Haemosporidian parasites and emerging arbovirus in mosquitoes (Diptera: Culicidae) and Culicoides biting midges (Diptera: ceratopogonidae) from the Zoological Park of São Paulo
The following questions will be addressed in this study:
i) which vector species (Culicidae and Culicoides) are present in the study area?
ii) in which vertebrate species do these vectors feed? and
(iii) what haemosporidians and arbovirus are infecting these vectors?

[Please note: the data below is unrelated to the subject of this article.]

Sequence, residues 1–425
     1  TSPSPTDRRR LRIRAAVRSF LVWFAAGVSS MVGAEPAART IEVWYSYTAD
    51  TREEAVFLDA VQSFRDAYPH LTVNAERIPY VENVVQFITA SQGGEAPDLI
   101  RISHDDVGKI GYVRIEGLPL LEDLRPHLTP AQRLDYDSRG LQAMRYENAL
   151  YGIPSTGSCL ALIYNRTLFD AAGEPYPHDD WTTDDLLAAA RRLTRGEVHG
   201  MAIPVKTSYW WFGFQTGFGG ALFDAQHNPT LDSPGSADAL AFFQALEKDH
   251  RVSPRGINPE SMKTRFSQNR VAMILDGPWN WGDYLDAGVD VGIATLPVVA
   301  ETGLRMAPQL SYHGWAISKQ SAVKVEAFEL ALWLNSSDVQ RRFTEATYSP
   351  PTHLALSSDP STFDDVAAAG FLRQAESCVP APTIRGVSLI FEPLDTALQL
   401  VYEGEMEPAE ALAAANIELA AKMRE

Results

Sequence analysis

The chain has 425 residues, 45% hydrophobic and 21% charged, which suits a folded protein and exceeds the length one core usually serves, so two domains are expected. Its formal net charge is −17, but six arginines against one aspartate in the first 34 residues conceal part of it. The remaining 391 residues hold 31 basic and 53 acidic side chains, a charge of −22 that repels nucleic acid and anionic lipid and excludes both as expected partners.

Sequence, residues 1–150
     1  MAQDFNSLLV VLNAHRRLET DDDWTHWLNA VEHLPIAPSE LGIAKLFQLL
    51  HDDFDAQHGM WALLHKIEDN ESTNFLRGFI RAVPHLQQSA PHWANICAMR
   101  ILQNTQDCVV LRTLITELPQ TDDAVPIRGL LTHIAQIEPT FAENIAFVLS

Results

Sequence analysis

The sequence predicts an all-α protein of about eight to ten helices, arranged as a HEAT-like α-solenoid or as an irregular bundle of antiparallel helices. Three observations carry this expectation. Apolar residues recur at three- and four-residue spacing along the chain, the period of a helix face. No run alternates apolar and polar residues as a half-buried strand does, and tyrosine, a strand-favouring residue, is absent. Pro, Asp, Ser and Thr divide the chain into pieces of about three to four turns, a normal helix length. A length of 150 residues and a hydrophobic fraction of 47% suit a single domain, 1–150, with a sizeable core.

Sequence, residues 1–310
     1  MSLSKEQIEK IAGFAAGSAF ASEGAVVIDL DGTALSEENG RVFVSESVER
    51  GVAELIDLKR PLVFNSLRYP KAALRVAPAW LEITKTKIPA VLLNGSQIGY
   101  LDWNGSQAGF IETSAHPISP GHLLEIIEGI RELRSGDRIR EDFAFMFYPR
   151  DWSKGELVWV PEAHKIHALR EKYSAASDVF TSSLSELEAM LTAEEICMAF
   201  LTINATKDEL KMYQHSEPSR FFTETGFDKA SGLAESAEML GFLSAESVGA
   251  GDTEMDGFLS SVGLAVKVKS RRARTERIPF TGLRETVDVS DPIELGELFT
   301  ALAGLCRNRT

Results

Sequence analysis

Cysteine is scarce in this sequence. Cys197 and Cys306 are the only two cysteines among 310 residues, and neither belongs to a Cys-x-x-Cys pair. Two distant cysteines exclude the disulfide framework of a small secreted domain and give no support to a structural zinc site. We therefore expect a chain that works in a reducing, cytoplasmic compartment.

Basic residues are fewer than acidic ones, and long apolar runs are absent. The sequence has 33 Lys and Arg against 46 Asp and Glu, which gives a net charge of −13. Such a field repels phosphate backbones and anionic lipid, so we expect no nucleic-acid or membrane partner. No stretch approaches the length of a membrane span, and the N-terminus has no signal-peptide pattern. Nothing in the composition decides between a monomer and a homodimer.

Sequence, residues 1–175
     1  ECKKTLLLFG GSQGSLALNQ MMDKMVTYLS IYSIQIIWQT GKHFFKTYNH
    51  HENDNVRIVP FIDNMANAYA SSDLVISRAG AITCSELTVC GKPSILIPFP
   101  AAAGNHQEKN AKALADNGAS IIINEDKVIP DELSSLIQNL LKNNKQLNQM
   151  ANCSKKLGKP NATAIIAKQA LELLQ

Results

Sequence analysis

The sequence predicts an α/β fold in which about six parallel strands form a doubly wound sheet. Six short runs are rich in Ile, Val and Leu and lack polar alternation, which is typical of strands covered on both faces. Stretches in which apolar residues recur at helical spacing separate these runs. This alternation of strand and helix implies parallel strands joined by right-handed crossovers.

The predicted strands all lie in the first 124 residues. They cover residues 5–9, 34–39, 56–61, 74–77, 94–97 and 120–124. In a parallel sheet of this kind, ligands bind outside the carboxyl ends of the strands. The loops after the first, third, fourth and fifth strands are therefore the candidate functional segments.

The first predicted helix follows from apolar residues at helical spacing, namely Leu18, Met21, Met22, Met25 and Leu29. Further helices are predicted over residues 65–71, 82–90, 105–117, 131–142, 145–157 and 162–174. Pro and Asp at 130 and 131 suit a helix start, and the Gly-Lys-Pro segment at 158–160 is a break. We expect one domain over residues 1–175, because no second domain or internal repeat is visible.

Studying avian malaria in the São Paulo Zoo in birds of 17 different orders we showed high positivity of Plasmodium and Haemoproteus among captive, free-living, migrant, endemic or exotic birds. We identified these parasites in 27% of the species of birds analyzed and established their barcoding for the new species of Plasmodium and Haemoproteus characterized. To identify their vectors we performed a one-month pilot study, capturing 2000 mosquitoes from 7 genera, including Culex, Aedes and Anopheles, which are also important vectors of arboviruses. In the São Paulo Zoo, arboviruses have all the necessary conditions for their emergence: there are species of reservoir animals (mainly birds and monkeys), mosquito vectors, the Atlantic Forest, large flow of animals from other localities by migration or transfer between zoos, in addition to the extensive visitation in the world's fourth-largest zoo.